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Article

Screen Time and Sleep of Rural and Urban South African Preschool Children

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Division of Exercise Science and Sports Medicine, Department of Human Biology, University of Cape Town, Cape Town 7700, South Africa
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Faculty of Health Sciences and Sport, University of Stirling, Stirling FK9 4LA, Scotland, UK
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Institute for Physical Activity and Nutrition (IPAN), School of Exercise and Nutrition Sciences, Deakin University, Geelong 3125, Australia
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Early Start, Faculty of Social Sciences, University of Wollongong, Wollongong 2500, Australia
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Centre for Exercise Science and Sports Medicine, School of Therapeutic Sciences, University of Witwatersrand, Johannesburg 2000, South Africa
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MRC/Wits Rural Public Health and Health Transitions Research Unit (Agincourt), School of Public Health, Faculty of Health Sciences, University of the Witwatersrand, Johannesburg 2000, South Africa
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South African MRC Developmental Pathways for Health Research Unit, School of Clinical Medicine, Faculty of Health Sciences, University of the Witwatersrand, Johannesburg 2000, South Africa
*
Authors to whom correspondence should be addressed.
Int. J. Environ. Res. Public Health 2020, 17(15), 5449; https://doi.org/10.3390/ijerph17155449
Received: 24 May 2020 / Revised: 26 June 2020 / Accepted: 29 June 2020 / Published: 29 July 2020
(This article belongs to the Special Issue Physical Activity and Sedentary Behaviour in Children and Youth)
This study aimed to investigate the extent to which preschool children meet guidelines for screen time (<1 h/day) and sleep (10–13 h/24-h) and explored home factors that affect these behaviors. Parents of preschoolers across income settings in South Africa (urban high-income n = 27, urban low-income n = 96 and rural low-income n = 142) completed a questionnaire. Urban high-income children had higher rates of exceeding screen time guidelines (67.0%) than children from urban low-income (26.0%) and rural low-income (3.5%) settings. Most children (81.0%) met sleep guidelines on weekdays and on weekends (75.0%). More urban high-income children met the sleep guideline, in comparison to both low-income settings. Fewer urban high-income parents (50.0%) thought that screen time would not affect their preschooler’s health, compared to urban low-income (90.4%) and rural low-income (81.7%) parents. Weeknight bedtime was positively correlated with both weekday screen time (p = 0.001) and weekday TV time (p = 0.005), indicating that more time on screens correlated with later bedtimes. Meeting screen time and sleep guidelines differs across income settings, but it is evident that parents of preschoolers across all income settings would benefit from greater awareness about guidelines. View Full-Text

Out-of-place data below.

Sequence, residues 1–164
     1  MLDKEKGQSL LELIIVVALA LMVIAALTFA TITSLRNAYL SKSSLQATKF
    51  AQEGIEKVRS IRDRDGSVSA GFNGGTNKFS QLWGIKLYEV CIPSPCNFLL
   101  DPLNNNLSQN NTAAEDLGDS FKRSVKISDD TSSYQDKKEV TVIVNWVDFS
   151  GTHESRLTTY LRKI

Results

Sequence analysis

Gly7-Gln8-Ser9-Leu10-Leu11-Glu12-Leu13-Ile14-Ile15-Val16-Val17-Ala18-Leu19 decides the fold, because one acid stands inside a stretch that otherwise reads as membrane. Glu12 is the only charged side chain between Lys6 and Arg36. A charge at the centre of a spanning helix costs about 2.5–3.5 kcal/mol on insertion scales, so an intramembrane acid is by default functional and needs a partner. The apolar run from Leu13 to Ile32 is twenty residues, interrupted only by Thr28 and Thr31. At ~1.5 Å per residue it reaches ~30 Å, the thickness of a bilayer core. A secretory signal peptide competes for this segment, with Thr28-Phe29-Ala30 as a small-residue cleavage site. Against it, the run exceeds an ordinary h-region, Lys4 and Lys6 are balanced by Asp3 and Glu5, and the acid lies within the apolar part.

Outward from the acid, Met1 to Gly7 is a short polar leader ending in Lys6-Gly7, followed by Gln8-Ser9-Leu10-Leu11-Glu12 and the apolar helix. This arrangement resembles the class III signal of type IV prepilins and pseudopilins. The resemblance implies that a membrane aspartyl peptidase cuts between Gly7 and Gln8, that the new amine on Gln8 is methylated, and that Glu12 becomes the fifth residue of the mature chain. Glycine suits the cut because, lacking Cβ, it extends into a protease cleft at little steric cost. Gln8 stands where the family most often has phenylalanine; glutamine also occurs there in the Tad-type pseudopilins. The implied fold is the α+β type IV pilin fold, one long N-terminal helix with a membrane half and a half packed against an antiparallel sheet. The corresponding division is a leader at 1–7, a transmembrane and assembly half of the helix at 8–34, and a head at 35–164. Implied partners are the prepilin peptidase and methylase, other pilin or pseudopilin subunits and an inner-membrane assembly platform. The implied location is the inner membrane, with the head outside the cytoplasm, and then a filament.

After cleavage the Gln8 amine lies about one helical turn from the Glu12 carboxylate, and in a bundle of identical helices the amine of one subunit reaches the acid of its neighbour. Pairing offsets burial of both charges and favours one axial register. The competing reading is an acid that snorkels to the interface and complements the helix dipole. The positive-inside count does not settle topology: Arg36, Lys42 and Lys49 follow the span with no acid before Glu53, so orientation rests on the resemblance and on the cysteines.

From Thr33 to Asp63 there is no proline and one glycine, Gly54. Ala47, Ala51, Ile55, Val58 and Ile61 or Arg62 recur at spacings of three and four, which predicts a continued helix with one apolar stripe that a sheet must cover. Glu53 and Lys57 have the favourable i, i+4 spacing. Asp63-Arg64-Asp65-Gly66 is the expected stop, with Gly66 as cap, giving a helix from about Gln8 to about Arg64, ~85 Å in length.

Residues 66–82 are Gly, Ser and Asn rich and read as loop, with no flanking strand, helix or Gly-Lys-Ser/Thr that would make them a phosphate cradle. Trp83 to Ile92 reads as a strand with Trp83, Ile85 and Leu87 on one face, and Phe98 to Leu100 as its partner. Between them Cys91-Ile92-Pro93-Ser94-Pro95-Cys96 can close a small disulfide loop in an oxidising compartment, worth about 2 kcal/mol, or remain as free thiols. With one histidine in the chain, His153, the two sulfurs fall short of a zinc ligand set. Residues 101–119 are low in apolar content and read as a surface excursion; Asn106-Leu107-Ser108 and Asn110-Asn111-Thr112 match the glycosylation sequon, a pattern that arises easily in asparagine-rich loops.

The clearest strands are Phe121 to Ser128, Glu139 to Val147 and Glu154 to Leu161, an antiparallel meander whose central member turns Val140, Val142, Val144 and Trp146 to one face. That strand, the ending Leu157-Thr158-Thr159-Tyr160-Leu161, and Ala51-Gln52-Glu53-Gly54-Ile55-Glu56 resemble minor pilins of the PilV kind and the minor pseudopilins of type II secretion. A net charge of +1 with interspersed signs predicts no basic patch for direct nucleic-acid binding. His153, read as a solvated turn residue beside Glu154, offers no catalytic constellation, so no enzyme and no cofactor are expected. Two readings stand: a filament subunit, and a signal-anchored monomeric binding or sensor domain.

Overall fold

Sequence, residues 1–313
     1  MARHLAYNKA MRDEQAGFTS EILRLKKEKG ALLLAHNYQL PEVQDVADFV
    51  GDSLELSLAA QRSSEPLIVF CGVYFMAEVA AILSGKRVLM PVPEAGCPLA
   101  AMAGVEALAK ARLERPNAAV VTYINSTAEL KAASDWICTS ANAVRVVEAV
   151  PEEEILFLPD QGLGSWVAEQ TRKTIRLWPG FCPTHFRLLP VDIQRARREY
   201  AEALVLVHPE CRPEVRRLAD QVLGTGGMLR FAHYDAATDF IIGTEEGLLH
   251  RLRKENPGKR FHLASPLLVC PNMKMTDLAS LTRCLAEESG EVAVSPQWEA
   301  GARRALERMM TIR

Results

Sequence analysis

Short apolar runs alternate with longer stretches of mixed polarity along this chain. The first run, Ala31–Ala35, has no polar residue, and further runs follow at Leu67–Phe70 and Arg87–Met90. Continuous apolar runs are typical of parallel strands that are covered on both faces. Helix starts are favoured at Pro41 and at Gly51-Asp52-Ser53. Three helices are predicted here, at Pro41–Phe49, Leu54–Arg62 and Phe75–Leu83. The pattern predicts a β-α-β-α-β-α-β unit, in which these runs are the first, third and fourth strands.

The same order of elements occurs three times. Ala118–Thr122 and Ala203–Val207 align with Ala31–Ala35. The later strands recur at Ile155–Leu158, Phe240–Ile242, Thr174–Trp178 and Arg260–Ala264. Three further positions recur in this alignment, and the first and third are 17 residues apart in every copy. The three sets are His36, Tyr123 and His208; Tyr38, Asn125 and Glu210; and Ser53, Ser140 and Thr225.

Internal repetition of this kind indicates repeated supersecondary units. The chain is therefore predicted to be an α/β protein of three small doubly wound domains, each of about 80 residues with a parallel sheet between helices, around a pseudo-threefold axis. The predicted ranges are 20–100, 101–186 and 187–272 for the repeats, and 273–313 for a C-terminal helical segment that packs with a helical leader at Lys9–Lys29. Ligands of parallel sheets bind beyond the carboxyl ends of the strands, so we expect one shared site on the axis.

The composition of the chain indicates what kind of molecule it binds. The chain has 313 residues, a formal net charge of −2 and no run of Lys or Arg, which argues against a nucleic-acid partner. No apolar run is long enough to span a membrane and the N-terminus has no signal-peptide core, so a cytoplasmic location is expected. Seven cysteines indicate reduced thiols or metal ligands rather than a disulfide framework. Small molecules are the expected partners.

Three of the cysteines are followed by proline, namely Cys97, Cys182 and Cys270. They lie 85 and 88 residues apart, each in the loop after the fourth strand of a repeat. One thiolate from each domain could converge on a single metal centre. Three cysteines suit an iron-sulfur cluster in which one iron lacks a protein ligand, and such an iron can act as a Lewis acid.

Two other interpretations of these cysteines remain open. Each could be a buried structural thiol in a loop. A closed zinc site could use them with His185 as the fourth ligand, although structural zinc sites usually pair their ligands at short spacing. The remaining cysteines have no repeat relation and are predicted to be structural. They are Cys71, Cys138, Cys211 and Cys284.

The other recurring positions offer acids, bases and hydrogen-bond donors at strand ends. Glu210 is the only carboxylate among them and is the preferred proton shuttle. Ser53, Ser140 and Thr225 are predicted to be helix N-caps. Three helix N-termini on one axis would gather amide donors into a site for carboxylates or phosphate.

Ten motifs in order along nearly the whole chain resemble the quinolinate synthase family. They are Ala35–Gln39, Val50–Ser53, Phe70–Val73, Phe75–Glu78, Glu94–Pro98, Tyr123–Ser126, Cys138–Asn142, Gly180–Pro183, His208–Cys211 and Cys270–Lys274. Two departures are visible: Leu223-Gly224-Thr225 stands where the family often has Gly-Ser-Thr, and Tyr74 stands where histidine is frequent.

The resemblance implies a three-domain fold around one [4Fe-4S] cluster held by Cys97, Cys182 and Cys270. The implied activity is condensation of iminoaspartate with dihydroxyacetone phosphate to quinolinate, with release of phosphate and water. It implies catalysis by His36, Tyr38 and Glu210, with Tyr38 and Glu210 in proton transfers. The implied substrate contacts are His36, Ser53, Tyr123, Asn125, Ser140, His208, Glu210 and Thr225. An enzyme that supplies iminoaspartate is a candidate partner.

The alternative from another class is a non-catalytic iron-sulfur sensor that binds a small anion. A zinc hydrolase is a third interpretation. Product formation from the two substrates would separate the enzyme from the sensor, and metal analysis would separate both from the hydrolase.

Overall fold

Keywords: movement behavior; pediatrics; sedentary; sitting; physical activity movement behavior; pediatrics; sedentary; sitting; physical activity
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MDPI and ACS Style

Tomaz, S.A.; Hinkley, T.; Jones, R.A.; Watson, E.D.; Twine, R.; Kahn, K.; Norris, S.A.; Draper, C.E. Screen Time and Sleep of Rural and Urban South African Preschool Children. Int. J. Environ. Res. Public Health 2020, 17, 5449. https://doi.org/10.3390/ijerph17155449

AMA Style

Tomaz SA, Hinkley T, Jones RA, Watson ED, Twine R, Kahn K, Norris SA, Draper CE. Screen Time and Sleep of Rural and Urban South African Preschool Children. International Journal of Environmental Research and Public Health. 2020; 17(15):5449. https://doi.org/10.3390/ijerph17155449

Chicago/Turabian Style

Tomaz, Simone A., Trina Hinkley, Rachel A. Jones, Estelle D. Watson, Rhian Twine, Kathleen Kahn, Shane A. Norris, and Catherine E. Draper 2020. "Screen Time and Sleep of Rural and Urban South African Preschool Children" International Journal of Environmental Research and Public Health 17, no. 15: 5449. https://doi.org/10.3390/ijerph17155449

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